or

\begin{equation*} A = \begin{pmatrix} \lambda & 0 \\ 0 & \lambda \end{pmatrix}. \end{equation*}

In this case, the system is uncoupled and is easily solved. That is, we can solve each equation in the system

\begin{align*} x' \amp = \lambda x\\ y' \amp = \lambda y \end{align*}

separately to obtain the general solution

\begin{align*} x \amp = c_1 e^{\lambda t}\\ y' \amp = c_2 e^{\lambda t}. \end{align*}

If ${\mathbf w}$ is another vector in ${\mathbb R}^2$ such that ${\mathbf v}$ and ${\mathbf w}$ are linearly independent, then $A \mathbf w$ can be written as a linear combination of $\mathbf v$ and $\mathbf w\text{,}$

\begin{equation*} A {\mathbf w} = \alpha {\mathbf v} + \beta {\mathbf w}. \end{equation*}

We can assume that $\alpha \neq 0\text{;}$ otherwise, we would have a second linearly independent eigenvector. We claim that $\beta = \lambda\text{.}$ If this were not the case, then

\begin{align*} A \left( {\mathbf w} + \left( \frac{\alpha}{\beta - \lambda} \right) {\mathbf v} \right) \amp = A {\mathbf w} + \left( \frac{\alpha}{\beta - \lambda} \right) A {\mathbf v}\\ \amp = \alpha {\mathbf v} + \beta {\mathbf w} + \lambda \left( \frac{\alpha}{\beta - \lambda} \right) {\mathbf v}\\ \amp = \beta {\mathbf w} + \alpha \left(1 + \frac{\lambda}{\beta - \lambda} \right) {\mathbf v}\\ \amp = \beta {\mathbf w} + \alpha \left( \frac{\beta - \lambda + \lambda}{\beta - \lambda} \right) {\mathbf v}\\ \amp = \beta \left( {\mathbf w} + \left( \frac{\alpha}{\beta - \lambda} \right) {\mathbf v} \right) \end{align*}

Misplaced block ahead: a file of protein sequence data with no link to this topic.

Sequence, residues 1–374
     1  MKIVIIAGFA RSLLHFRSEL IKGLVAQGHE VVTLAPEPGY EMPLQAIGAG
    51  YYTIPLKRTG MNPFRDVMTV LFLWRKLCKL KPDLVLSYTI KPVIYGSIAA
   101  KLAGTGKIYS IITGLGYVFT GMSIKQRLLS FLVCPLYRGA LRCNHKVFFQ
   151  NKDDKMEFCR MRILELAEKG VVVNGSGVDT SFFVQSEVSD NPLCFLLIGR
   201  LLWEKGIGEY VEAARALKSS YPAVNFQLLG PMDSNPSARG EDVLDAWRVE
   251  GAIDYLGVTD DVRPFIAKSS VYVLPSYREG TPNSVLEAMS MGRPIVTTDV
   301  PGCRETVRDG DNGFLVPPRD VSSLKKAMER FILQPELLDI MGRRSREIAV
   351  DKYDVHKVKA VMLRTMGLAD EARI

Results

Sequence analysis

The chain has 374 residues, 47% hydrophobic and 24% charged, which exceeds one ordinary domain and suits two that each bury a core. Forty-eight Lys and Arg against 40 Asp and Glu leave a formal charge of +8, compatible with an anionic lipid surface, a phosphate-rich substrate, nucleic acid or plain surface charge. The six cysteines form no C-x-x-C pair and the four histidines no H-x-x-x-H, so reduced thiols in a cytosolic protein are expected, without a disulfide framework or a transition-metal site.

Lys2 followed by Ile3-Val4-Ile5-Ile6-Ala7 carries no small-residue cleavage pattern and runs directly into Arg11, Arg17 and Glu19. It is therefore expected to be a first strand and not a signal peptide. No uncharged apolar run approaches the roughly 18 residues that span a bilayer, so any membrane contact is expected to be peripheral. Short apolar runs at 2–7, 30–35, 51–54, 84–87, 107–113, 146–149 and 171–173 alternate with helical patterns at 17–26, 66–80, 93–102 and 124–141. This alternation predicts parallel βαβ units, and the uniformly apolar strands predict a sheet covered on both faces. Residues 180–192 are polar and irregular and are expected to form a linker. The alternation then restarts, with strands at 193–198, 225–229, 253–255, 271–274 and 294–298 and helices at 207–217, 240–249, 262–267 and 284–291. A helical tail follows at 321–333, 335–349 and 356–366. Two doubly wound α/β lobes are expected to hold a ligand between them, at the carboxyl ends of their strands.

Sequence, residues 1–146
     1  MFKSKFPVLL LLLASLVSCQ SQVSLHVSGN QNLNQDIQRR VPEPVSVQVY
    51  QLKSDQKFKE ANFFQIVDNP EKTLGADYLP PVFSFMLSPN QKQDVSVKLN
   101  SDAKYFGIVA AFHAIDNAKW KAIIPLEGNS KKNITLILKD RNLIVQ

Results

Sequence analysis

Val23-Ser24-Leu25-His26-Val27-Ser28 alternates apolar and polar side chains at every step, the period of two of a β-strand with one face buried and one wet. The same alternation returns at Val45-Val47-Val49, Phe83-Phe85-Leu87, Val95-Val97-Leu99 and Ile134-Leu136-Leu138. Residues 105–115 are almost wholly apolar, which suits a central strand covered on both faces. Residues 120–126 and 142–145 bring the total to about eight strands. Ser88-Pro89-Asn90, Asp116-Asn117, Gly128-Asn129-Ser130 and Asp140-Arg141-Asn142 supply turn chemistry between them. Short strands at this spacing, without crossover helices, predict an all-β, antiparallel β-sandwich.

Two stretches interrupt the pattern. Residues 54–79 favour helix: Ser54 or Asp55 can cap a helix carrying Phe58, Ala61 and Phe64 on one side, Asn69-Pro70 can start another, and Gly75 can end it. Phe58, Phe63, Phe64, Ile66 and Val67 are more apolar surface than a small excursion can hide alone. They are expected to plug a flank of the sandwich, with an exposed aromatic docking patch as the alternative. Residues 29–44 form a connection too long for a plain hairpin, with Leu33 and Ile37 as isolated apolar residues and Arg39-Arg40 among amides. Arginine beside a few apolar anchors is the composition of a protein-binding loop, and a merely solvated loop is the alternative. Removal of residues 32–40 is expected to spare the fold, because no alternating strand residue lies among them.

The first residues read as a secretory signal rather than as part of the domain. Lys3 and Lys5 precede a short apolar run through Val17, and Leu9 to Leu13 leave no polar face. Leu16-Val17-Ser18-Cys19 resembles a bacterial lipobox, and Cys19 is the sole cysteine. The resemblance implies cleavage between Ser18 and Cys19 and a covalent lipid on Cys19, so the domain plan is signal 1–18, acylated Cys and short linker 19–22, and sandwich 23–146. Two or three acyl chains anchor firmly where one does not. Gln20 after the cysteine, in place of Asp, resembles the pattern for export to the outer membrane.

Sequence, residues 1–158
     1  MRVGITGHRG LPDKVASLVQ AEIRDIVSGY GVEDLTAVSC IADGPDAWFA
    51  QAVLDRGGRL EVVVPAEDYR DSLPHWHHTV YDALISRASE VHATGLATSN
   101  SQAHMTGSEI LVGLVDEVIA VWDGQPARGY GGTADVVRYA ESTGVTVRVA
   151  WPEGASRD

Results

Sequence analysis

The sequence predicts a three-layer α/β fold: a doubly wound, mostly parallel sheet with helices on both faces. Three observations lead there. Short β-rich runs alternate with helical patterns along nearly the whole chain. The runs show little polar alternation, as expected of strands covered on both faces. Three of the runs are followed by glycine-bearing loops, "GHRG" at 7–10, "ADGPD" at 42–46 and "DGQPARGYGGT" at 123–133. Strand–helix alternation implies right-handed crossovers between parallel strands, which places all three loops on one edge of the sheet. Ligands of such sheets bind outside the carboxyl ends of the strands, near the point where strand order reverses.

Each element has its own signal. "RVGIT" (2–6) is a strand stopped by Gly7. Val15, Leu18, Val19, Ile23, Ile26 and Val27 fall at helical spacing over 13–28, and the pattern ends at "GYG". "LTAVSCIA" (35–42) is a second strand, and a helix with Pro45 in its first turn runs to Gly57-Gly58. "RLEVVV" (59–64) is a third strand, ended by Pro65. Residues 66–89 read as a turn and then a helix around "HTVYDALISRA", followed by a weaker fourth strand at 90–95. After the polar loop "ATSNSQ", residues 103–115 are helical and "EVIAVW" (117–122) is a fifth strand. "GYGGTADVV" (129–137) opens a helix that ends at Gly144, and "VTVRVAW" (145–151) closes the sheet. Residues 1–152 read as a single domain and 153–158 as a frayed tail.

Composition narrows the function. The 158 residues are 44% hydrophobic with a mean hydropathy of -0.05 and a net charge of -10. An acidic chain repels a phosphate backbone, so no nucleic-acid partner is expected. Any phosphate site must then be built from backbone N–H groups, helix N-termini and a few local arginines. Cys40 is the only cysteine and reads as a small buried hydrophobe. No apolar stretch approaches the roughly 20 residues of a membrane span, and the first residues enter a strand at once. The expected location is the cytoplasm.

and $\beta$ would be an eigenvalue distinct from $\lambda\text{.}$ Thus, $A {\mathbf w} = \alpha {\mathbf v} + \lambda {\mathbf w}\text{.}$ If we will let ${\mathbf u} = (1/ \alpha) {\mathbf w}\text{,}$ then

\begin{equation*} A {\mathbf u} = {\mathbf v} + \frac{\lambda}{\alpha} {\mathbf w} = {\mathbf v} + \lambda {\mathbf u}. \end{equation*}

We now define $T {\mathbf e}_1 = {\mathbf v}$ and $T{\mathbf e}_2 = {\mathbf u}\text{.}$ Since

\begin{align*} AT \amp = A\mathbf u + A \mathbf v = \mathbf v + \lambda \mathbf u + \lambda \mathbf v\\ T\begin{pmatrix} \lambda & 1 \\ 0 & \lambda \end{pmatrix} \amp = T (\lambda \mathbf e_1) + T \mathbf e_1 + T (\lambda \mathbf e_2) = \mathbf v + \lambda \mathbf u + \lambda \mathbf v, \end{align*}

we have

\begin{equation*} T^{-1} A T = \begin{pmatrix} \lambda & 1 \\ 0 & \lambda \end{pmatrix}. \end{equation*}

Therefore, ${\mathbf x}' = A {\mathbf x}$ is in canonical form after a change of coordinates.

###### Example3.6.13

Consider the system $\mathbf x' = A \mathbf x\text{,}$ where

\begin{equation*} A = \begin{pmatrix} 5 & 1 \\ -4 & 1 \end{pmatrix}. \end{equation*}

The characteristic polynomial of $A$ is $\lambda^2 - 6 \lambda + 9 = (\lambda - 3)^2\text{,}$ we have only a single eigenvalue $\lambda = 3$ with eigenvector $\mathbf v = (1, -2)\text{.}$ Any other eigenvector for $\lambda$ is a multiple of $\mathbf v\text{.}$ If we choose $\mathbf w = (1, 0)\text{,}$ then $\mathbf v$ and $\mathbf w$ are linearly independent. Furthermore,

\begin{equation*} A \mathbf w = \begin{pmatrix} 5 \\ - 4 \end{pmatrix} = 2 \begin{pmatrix} 1 \\ -2 \end{pmatrix} + \lambda \begin{pmatrix} 1 \\ 0 \end{pmatrix} = 2 \begin{pmatrix} 1 \\ -2 \end{pmatrix} + 3 \begin{pmatrix} 1 \\ 0 \end{pmatrix}. \end{equation*}